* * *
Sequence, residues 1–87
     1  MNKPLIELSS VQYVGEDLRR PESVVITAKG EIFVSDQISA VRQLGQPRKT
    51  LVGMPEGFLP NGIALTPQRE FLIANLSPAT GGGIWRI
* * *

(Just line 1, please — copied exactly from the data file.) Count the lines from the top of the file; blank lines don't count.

Sequence, residues 1–87